Stickman Readers' Submissions November 1st, 2007

What Farangs Don’t Get About Thai Women – Part 2

Although I have lived in Thailand for just over 5 years, I have only just read Jayson's extremely interesting article (dated July 2005).

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Although there is a hell of a lot of truth in it, there are also some blindingly untrue generalisations. Stickman is partly right when he says Jayson is spot on. In places he is. However, in other places, he is way off the mark. This article
seems to cater to those who have been living in Thailand for a short time. However, the longer you live in a country, the more you learn.

There are reasons and explanations which he has left out (and I would be very surprised if he was unaware of them). Firstly, he mentions that Farangs are perceived as whore-chasers. Yes, a lot of them are, but what many people probably don't
realise is that only 5% of prostitution in this country is "consumed" by foreigners. Farangs may be "visible" whore-chasers, as Patpong, Cowboy and Nana are infamous venues in Thailand for this kind of thing, but what of the
other 95% that's "consumed" by Thais? A male Thai friend of mine once told me that the excesses enjoyed by the Thai whore-chasers (the 95% of Thai prostitution) would make your average fat 55 year-old German "sex-pat"
look like a eunuch. <You miss the point. He means that many Thais believe farangs are whore chasers, and guess what…many do!Stick>

I first came to Thailand as a full-time musician working in Patong and the farang bar manager there told me that the only Thai women interested in foreigners were whores. "White-skinned Bangkok girls all think farang men are white pigs"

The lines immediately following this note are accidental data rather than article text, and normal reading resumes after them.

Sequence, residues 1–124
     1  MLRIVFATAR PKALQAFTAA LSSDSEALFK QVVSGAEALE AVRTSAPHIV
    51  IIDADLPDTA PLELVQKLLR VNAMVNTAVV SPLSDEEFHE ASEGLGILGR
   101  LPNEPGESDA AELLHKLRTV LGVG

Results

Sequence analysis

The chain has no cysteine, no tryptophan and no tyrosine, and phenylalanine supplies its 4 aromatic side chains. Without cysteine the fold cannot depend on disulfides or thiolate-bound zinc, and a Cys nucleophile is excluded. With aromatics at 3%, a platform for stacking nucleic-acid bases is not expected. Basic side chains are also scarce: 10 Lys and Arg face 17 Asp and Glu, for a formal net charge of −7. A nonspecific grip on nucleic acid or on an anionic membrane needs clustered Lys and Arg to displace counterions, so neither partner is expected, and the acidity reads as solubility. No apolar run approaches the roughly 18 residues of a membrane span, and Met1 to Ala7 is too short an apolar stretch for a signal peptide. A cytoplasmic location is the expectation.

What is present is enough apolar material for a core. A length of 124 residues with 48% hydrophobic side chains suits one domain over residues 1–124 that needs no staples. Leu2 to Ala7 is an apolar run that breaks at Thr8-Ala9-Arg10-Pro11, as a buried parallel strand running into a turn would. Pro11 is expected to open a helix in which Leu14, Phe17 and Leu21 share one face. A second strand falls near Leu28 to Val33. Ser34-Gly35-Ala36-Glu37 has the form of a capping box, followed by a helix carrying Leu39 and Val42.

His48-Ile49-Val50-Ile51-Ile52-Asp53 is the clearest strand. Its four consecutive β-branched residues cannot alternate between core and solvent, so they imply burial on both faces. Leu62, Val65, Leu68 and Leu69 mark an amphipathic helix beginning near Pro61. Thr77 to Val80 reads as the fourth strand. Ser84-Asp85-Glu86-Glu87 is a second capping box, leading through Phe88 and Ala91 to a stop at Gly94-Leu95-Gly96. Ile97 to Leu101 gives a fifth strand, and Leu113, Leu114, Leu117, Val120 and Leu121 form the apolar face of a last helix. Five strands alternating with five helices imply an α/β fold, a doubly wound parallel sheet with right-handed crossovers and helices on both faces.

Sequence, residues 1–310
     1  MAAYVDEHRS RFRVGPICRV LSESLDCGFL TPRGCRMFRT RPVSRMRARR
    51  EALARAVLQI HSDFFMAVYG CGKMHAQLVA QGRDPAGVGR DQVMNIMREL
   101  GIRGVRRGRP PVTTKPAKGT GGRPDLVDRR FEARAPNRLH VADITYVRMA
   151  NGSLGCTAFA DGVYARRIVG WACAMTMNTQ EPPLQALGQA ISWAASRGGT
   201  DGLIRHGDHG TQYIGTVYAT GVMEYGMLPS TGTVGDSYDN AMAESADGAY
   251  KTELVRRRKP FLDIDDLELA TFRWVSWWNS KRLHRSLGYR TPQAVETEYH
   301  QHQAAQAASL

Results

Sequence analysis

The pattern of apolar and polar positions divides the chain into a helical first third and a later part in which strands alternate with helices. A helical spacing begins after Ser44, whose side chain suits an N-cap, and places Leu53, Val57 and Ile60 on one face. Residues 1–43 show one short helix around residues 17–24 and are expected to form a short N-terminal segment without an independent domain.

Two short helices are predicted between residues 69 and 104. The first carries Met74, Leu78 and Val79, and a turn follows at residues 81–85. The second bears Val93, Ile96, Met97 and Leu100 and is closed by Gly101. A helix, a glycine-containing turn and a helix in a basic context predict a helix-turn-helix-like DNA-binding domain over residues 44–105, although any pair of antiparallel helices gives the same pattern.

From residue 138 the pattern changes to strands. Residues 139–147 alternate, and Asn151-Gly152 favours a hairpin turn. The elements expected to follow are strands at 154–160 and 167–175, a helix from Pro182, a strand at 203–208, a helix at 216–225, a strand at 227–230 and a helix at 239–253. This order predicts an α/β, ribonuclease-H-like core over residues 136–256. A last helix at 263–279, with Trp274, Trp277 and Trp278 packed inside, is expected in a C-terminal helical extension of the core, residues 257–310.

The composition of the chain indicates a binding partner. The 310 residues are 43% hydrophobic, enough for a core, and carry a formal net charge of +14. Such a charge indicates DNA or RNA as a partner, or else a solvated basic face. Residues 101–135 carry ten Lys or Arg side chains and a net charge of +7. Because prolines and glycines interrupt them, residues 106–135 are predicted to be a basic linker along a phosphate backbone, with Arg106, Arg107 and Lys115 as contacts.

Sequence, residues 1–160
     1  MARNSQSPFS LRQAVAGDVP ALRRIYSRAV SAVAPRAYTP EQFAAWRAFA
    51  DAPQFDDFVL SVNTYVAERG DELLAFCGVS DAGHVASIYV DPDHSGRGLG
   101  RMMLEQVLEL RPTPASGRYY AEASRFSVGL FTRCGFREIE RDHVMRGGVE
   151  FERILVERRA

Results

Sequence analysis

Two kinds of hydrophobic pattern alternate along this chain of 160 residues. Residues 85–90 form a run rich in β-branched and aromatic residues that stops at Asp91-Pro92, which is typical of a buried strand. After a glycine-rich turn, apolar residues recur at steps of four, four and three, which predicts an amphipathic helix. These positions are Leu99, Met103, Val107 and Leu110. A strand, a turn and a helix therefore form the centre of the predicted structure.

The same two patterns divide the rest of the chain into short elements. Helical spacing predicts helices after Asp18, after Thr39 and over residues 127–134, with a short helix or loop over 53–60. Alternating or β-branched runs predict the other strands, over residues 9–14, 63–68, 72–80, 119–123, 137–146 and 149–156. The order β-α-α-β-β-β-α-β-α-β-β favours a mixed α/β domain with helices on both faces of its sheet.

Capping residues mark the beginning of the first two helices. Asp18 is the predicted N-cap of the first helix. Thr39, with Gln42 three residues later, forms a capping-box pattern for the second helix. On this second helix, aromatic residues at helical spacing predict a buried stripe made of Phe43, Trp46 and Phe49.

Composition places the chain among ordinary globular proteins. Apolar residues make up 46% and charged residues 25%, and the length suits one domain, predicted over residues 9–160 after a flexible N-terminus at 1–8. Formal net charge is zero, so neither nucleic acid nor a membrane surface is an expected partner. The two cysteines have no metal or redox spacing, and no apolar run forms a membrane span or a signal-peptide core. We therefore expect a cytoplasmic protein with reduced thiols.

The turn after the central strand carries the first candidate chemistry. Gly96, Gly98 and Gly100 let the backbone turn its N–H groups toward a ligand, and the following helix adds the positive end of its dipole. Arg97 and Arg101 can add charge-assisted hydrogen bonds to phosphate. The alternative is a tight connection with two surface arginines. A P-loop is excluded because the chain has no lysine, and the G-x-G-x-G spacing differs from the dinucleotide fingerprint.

he also informed me. Some of us actually fell for this pack of lies. After getting to know this guy, we realised what he really meant was that the only Thai women interested in HIM were whores.

I fully understand the skin colour issue in Thailand. I agree that an uneducated girl with all the grace and manners of a jackhammer (from a village or a city) is a big turn-off, but comparing someone with dark skin to an obese American woman
just does NOT make sense. My wife happens to have dark skin, comes from Isaan, and has a Masters degree, has worked in the education industry all her life, is extremely elegant and has more intelligence and common sense than most English women.
She is someone who is a credit to her family and probably a far better catch than most men (Thai or Farang) could imagine. When a foreign man first arrives in Thailand, he finds dark-skinned women attractive because they are the first females
he sees, usually in bars. However, there is a great deal of difference between a holidaymaker and someone who lives in Thailand. Someone who has lived here for a considerable time gains valuable experience, unless he lives with his head in the
sand, which brings me to my next point.

Jayson mentioned a "GQ guy" that he works (or worked) with and his "hideous" girlfriend. Jayson says it's pointless being a young, good-looking guy in Thailand and that a good-looking farang guy would attract the